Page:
- New Club World seat for Airbus A350, Boeing 787-10
- All seats to have direct aisle access
- Not all A350s, 787-10s will have first class
British Airways will debut a new Club World business class seat on both its Airbus A350-1000 and Boeing 787-10 jets in 2019, and may refit the seat to some of its existing fleet.
The seat – which British Airways CEO Alex Cruz said would deliver direct aisle access for every passenger – will “absolutely (be) for the 350-1000 and the 787-10 and they will be coming from 2019.”
“We do believe we have to consider some retrofitting” Cruz told Australian Business Traveller at the airline’s launch of its new Club World meal and sleep service.
However, Cruz said he was determined not to “over-sell the (new) seat.”
“This will take a bit of time, so we will take some time to come back to you with all the details.”
“We have seen recent overpromising by other carriers and it would be a disaster if we talked about what we want to do and (then) make you wait a long time.”
PREVIOUS | British Airways has opted for evolution rather than revolution when it comes to the new Club World business class seat for its forthcoming Airbus A350 fleet.
Designs for what the airline describes as its Club World Mark III seat – detailed in leaked internal BA documentation seen by Australian Business Traveller – indicate the British flag-carrier will keep the alternating foward-backward layout of its current business class.
However, improvements to key aspects of the seat should boost its appeal to high flyers.
Foremost among them: all passengers will now enjoy direct access to the aisle, instead of having to gingerly step over or around their neighbour.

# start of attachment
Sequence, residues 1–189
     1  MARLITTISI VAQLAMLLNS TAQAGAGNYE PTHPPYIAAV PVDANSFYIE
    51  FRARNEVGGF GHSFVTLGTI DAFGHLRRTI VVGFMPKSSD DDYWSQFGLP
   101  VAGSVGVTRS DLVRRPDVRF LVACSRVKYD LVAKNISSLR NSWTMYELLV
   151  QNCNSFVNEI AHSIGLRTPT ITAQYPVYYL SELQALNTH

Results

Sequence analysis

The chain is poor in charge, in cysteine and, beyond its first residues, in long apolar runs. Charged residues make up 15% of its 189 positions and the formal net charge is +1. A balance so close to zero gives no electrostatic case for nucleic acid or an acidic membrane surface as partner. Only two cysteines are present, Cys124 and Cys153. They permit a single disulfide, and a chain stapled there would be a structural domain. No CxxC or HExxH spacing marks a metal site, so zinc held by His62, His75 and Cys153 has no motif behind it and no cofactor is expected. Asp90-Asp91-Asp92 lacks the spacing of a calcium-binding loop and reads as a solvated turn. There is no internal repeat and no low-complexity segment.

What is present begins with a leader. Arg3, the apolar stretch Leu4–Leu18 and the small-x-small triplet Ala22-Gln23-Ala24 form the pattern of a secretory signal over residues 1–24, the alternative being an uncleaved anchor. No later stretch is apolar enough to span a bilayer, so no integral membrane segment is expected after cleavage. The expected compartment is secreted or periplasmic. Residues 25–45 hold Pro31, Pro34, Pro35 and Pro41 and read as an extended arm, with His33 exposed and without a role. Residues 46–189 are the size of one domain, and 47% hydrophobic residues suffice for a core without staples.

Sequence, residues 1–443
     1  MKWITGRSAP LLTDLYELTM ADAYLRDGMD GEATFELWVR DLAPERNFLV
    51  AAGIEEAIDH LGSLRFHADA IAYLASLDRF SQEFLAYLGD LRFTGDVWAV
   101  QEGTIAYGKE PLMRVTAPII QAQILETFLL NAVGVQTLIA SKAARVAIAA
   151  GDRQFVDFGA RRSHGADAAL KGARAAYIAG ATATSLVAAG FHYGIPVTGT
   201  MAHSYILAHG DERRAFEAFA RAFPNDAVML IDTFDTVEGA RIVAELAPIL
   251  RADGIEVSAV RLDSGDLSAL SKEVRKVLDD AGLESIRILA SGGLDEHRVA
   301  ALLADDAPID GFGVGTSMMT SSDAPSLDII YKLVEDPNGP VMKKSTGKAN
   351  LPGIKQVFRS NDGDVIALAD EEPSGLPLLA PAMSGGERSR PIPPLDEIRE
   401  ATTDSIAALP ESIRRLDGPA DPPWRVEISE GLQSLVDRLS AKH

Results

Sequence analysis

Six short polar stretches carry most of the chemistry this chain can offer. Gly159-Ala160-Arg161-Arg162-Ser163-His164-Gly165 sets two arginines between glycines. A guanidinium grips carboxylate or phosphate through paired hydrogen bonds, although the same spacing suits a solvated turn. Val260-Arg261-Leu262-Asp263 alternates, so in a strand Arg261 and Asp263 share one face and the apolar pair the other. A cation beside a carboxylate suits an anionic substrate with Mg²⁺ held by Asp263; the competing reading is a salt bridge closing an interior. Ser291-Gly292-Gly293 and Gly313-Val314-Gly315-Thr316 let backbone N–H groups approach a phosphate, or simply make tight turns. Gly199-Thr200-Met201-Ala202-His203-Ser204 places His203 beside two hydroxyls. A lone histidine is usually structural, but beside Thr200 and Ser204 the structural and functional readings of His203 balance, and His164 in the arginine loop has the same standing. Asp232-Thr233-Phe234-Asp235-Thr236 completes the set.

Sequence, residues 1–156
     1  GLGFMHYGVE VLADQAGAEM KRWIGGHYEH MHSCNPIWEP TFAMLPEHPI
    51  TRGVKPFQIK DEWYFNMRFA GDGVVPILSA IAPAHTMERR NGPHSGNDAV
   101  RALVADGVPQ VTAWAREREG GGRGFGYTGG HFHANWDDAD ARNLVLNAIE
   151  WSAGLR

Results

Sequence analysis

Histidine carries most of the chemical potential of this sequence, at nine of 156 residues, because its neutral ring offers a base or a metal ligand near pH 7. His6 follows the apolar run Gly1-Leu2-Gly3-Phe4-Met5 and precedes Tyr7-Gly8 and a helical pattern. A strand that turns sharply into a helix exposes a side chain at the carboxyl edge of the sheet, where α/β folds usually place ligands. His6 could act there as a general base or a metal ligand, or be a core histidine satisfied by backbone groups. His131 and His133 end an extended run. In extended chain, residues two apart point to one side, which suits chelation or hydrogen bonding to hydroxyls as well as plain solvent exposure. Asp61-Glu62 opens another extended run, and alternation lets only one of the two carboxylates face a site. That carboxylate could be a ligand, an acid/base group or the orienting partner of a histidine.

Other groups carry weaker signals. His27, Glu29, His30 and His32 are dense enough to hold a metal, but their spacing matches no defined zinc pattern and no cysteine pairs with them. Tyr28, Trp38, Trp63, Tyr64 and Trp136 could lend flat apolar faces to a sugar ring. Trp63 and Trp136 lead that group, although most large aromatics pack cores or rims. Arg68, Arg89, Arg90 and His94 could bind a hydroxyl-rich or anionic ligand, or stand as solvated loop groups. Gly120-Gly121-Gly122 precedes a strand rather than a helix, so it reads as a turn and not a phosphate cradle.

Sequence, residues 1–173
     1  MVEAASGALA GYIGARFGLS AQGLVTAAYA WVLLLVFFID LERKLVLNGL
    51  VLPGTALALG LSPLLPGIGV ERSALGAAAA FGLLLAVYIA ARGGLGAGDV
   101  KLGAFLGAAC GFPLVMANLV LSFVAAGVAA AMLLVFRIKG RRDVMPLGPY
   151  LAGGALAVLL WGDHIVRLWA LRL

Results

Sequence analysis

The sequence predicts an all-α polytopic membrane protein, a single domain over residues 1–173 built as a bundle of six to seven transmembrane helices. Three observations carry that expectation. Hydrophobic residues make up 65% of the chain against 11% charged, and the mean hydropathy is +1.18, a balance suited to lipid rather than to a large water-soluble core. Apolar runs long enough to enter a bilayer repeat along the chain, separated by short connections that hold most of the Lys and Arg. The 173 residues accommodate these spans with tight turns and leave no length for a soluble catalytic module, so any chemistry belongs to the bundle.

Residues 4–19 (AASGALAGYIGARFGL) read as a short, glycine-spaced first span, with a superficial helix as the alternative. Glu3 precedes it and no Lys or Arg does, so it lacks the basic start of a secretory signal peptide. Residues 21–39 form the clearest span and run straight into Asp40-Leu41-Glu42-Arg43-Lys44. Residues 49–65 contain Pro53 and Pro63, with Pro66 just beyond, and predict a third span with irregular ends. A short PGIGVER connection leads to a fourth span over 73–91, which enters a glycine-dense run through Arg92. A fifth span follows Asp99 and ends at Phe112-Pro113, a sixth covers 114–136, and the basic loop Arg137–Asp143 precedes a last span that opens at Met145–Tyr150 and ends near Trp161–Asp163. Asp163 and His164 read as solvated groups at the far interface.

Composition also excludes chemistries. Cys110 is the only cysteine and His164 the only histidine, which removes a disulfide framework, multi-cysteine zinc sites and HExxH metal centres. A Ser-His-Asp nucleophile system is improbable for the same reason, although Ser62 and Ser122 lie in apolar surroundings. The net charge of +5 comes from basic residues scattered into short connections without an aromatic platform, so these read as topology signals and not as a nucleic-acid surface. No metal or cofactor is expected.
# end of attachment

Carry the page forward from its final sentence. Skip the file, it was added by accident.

Australian Business Traveller understands that the seats convert into a fully flat bed measuring from 6'1" (185cm) to 6'4" (193cm) depending on if they are located at a window, aisle or middle pair, with a press-button recline into a relaxing 'lazy Z' position.
A new storage cubby lurks beneath the armrest of each seat, in addition to a slightly larger storage drawer, while manually-operated screens provide privacy or sociability between seat pairs.
The inflight video screen is almost 50% larger, having been upsized from 10.4 inches to a high-definition 15.3 inch display.
The new seat design, which plays up BA's palette of blue and silver, is both more stylish and spacious than the current second-gen Club World seat (shown below).
The leaked design matches up against a UK patent application lodged by British Airways and credited to BA Design Lead Peter Cooke and Paul Grader from London design firm Forpeople, which most recently worked on British Airways' Boeing 787-9 first class cabin and suites (seen below).
Video, photos: British Airways' new Boeing 787-9 first class
Mockup illustrations and diagrams from that patent application – while based on an earlier, less-refined seat concept – give a better idea of how this all comes together in the cabin of the Airbus A350.
British Airways is also retaining a 2-4-2 'high density' layout, although this benefits from the wider cabin footprint of the A350.
BA's patent application also illustrates two possible ClubWorld layouts for the A350's business class cabin...
... using a different mix of orientations for the paired seats.
British Airways will begin flying the long-range Airbus A350-1000 from 2018, with 18 of the advanced jets on order and options for 18 more.
Approached by Australian Business Traveller for comment, a British Airways spokesperson said “we regularly see speculation around what the next generation of our seats will look like, as we develop a lot of ideas with a range of design agencies. We often patent these ideas which is one driver of that speculation."
"As and when we’re ready to announce the seats for the A350s, which are not due to arrive until 2018, we’ll do so."
Earlier this year British Airways CEO Alex Cruz began tamping down expectations for the A350's Club World seat, saying it is not "ultra-revolutionary" and the design would focus more on incremental changes.
Speaking with UK media, Cruz added the seat would not be retrofitted across BA's long-range international fleet – such as the Airbus A380 and Boeing 777-300ER and 787 Dreamliner fleets – because "it doesn't appear to be sufficiently revolutionary."
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